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Map validation library for Clojure
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Map validation library for Clojure and ClojureScript


Most other validation libraries (such as valip) assume validation is done per key, rather than on a map as a whole. This makes it difficult to write multi-key validations. Validation functions in Verily take an entire map, making multi-key (or single-key) validations easy.

Verily also provides a declarative, data-oriented API in addition to a conventional, function-oriented API. Using data to describe validations has benefits in certain use cases. For instance, you can share validation specifications between Clojure and ClojureScript.



[jkkramer/verily "0.6.0"]


(ns example.core
  (:require [jkkramer.verily :as v]))

There are two ways to validate a map:

  1. With a validation specification - i.e., data, which Verily turns into a validation function for you
  2. With a validation function

To validate using a validation specification:

(def validations
  [[:required [:foo :bar :password]]
   [:equal [:password :confirm-password] "Passwords don't match, dummy"]
   [:min-length 8 :password]])

(v/validate {:foo "foo"
             :password "foobarbaz"
             :password-confirm "foobarba"}
;; Returns:
({:keys (:bar), :msg "must not be blank"}
 {:keys [:password :confirm-password], :msg "Passwords don't match, dummy"})

To turn a validation specification into a function yourself:

(def validator (v/validations->fn validations))

You can use validation functions instead of data if you prefer. This makes it easier to write your own:

;; Custom validator
(defn validate-password [m]
  (when (#{"12345" "password" "hunter2"} (:password m))
    {:keys [:password] :msg "You can't use that password"}))

;; Combine several built-in validators and our own custom one
(def validator
    (v/required [:foo :bar :password])
    (v/equal [:password :password-confirm])
    (v/min-length 8 :password)

(validator {:foo "foo"
            :password "foobarbaz"
            :password-confirm "foobarba"})
;; Returns:
({:keys (:bar), :msg "must not be blank"}
 {:keys [:password :password-confirm], :msg "must be equal"})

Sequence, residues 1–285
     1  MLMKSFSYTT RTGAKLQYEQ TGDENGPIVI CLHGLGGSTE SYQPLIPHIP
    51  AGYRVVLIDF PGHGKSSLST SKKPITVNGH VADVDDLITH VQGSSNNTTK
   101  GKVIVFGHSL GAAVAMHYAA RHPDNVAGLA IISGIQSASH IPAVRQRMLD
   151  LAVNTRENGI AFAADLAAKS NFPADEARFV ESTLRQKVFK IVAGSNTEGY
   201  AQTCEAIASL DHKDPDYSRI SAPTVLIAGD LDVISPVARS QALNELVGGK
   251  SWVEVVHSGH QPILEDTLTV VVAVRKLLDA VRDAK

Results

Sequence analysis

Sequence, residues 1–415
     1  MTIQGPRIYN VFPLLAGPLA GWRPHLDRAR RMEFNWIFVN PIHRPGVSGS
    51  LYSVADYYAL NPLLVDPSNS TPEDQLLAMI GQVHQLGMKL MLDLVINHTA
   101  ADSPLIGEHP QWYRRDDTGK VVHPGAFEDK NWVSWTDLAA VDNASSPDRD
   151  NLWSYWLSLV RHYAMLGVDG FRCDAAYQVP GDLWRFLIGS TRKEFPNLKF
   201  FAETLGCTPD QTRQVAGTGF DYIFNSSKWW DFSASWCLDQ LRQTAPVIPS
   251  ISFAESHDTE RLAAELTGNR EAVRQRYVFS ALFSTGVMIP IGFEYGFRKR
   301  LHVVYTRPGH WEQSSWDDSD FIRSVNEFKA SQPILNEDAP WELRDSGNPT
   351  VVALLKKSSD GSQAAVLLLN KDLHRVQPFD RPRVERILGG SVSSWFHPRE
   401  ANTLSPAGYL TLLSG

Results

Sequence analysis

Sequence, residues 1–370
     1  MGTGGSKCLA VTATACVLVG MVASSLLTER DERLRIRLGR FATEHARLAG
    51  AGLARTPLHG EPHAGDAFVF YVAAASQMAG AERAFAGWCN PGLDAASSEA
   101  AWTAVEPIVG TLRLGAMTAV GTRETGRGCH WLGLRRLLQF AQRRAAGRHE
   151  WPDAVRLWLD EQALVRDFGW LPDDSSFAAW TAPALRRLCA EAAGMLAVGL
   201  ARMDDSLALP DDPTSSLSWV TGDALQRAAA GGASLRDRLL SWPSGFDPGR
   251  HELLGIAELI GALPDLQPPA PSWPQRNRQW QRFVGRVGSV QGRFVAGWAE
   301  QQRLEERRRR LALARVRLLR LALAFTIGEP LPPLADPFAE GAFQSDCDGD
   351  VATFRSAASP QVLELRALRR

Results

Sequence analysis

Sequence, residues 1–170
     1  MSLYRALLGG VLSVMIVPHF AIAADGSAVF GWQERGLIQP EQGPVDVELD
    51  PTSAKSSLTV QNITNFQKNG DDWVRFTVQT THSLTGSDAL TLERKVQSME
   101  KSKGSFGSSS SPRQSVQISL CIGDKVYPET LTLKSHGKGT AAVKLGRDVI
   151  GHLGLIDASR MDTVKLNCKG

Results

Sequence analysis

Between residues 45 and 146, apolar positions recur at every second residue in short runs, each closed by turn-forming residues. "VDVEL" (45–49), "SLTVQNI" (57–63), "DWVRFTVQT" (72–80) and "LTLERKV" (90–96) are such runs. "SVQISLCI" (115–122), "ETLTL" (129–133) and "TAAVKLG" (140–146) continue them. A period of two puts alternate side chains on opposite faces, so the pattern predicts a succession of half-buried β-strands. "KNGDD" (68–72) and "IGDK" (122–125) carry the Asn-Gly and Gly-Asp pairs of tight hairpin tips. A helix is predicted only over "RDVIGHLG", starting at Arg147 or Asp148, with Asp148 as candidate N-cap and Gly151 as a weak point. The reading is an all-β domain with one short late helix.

Validation Function Contract

The contract for a validation function is:

  • Take a map as an argument
  • If validation succeeded, return nil or an empty collection. If there was a problem, return a problem map or collection of problem maps. Each problem is a map with the following keys:
    • :keys (optional) - relevant map keys
    • :msg - description of the problem

Built-in Validations

All validation specifications accept a key or sequence of keys. The message is always optional.

Keys can be dotted keywords such as, which will be interpreted as a nested path (if the key does not exist in the top-level map). Strings such as "foo[bar]" are also allowed, and have the same semantics.

Unless :required is used, all validations allow the keys to be absent from the map, or have a nil value (or blank if a string-based type).

  • :required <keys> [msg] - must not be absent, blank, or nil
  • :contains <keys> [msg] - must not be absent, but can be blank or nil
  • :not-blank <keys> [msg] - may be absent but not blank or nil
  • :exact <value> <keys> [msg] - must be a particular value
  • :equal <keys> [msg] - all keys must be equal
  • :email <keys> [msg] - must be a valid email
  • :url <keys> [msg] - must be a valid URL
  • :web-url <keys> [msg] - must be a valid website URL (http or https)
  • :link-url <keys> [msg] - must be a valid link URL (can be relative, http: or https: may be omitted)
  • :matches <regex> <keys> [msg] - must match a regular expression
  • :min-length <len> <keys> [msg] - must be a certain length (for strings or collections)
  • :max-length <len> <keys> [msg] - must not exceed a certain length (for strings or collections)
  • :complete <keys> [msg] - must be a collection with no blank or nil values
  • :min-val <min> <keys> [msg] - must be at least a certain value
  • :max-val <max> <keys> [msg] - must be at most a certain value
  • :within <min> <max> <keys> [msg] - must be within a certain range (inclusive)
  • :positive <keys> [msg] - must be a positive number
  • :negative <keys> [msg] - must be a negative number
  • :after <date> <keys> [msg] - must be after a certain date
  • :before <date> <keys> [msg] - must be before a certain date
  • :in <coll> <keys> [msg] - must be contained within a collection
  • :every-in <coll> <keys> [msg] - each value must be within a collection (for values that are themselves collections)
  • :us-zip <keys> [msg] - must be a valid US zip code
  • :luhn <keys> [msg] - must be pass the Luhn check (e.g., for credit card numbers)
  • Datatype validations: :string, :boolean, :integer, :float, :decimal, :date (plus aliases)
  • Datatype collection validations: :strings, :booleans, :integers, :floats, :decimals, :dates (plus aliases)

All validation specifications have corresponding validator functions in the jkkramer.verily namespace, if you prefer to use those directly.


Copyright © 2012-2013 Justin Kramer

Distributed under the Eclipse Public License, the same as Clojure.

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